After marching from the White House to the Capitol Building, protesters can either attend a legal rally near the Capitol or participate in a "Die-In" at the Peace Monument symbolizing the loss of American and Iraqi lives as a result of this war. Since the "Die-In" is an act of civil disobedience, those who partake might be arrested. This massive protest is part of a week of action including Truth in Recruiting and March Inside Congress.

Saturday, September 8, 2007

Jena 6 Rally of 9/5 at Howard University

USA Today reported that 1500 people, including representative Maxine Waters, came out in support of the Jena 6 at a rally on September 5th. According to a news release by Howard University officials, speakers "implored students to remain committed to a larger cause of preserving human dignity and equality. 'We have to hold ourselves to a higher moral and ethical standard than the legal system,' [Keynote speaker Dr. Greg] Carr said. 'The efforts at Howard and around the country demonstrate that there is hope.'" The rally attracted hundreds and was covered by local news network WUSA9. The following video was posted on YouTube.

One organization, ColorofChange, is hosting an online drive for others to contribute to the defense fund and express their concern for the Jena 6 to Govenor Kathleen Blanco, another form of non-violent mobilization!!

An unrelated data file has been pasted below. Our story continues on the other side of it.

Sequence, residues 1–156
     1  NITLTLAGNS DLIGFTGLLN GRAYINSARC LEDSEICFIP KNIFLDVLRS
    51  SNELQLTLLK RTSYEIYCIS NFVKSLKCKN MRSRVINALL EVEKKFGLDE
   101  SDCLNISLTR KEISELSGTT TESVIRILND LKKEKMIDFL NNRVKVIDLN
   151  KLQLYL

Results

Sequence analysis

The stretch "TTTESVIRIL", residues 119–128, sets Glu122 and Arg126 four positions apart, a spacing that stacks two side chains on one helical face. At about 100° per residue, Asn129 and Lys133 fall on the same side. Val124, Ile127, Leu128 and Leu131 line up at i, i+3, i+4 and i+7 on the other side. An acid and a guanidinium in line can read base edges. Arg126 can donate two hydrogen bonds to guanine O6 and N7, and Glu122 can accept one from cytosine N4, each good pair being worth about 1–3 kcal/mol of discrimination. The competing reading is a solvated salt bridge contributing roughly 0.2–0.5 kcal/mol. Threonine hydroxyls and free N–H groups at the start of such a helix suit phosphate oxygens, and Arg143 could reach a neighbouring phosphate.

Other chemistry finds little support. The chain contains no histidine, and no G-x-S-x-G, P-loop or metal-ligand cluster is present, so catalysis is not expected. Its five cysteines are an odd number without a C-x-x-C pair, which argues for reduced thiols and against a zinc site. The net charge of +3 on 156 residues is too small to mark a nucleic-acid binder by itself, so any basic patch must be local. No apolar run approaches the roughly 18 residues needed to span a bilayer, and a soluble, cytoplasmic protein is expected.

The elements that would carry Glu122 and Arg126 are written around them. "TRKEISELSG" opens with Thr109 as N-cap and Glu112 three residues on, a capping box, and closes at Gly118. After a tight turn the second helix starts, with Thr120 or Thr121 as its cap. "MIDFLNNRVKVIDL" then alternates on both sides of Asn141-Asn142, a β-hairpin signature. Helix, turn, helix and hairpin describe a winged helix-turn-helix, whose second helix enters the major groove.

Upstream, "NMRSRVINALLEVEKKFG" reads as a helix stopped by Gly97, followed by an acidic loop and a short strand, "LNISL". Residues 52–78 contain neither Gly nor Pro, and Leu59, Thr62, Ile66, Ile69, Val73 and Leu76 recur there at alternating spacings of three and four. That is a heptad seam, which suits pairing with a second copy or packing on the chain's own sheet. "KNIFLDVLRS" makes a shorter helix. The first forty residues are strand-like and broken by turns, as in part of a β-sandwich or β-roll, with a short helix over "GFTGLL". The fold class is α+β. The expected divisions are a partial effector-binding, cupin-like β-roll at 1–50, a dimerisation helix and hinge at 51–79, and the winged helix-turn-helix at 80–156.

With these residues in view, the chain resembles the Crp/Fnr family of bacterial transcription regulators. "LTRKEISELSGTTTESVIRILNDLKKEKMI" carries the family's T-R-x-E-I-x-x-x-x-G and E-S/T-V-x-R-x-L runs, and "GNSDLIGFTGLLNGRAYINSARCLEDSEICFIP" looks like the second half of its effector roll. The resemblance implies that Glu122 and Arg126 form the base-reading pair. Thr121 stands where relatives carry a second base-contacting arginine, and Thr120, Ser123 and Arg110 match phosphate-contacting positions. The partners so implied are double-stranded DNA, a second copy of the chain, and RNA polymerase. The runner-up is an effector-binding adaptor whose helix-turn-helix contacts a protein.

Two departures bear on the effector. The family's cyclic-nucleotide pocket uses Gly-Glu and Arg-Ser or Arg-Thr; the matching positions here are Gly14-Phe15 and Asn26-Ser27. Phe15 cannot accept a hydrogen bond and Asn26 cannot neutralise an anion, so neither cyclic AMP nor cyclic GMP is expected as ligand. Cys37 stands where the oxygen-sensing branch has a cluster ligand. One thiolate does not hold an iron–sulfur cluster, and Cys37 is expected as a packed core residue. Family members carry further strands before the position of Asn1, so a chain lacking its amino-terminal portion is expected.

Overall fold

Thursday, September 6, 2007

Trip to Georgia?

I received an email today from an organization I worked for this summer reminding me about the opportunity to protest WHINSEC (Western Hemisphere Institute for Security and Cooperation, formerly the School of Americas). I thought I would post about it in case anyone was interested and wanted to plan ahead for the weekend in November!

The School of Americas is located in Fort Benning Georgia and teaches military techniques to Latin Americans. SOA Watch explains in more detail:

"Over its 59 years, the SOA has trained over 60,000 Latin American soldiers in counterinsurgency techniques, sniper training, commando and psychological warfare, military intelligence and interrogation tactics. These graduates have consistently used their skills to wage a war against their own people. Among those targeted by SOA graduates are educators, union organizers, religious workers, student leaders, and others who work for the rights of the poor. Hundreds of thousands of Latin Americans have been tortured, raped, assassinated, “disappeared,” massacred, and forced into refugee by those trained at the School of Assassins."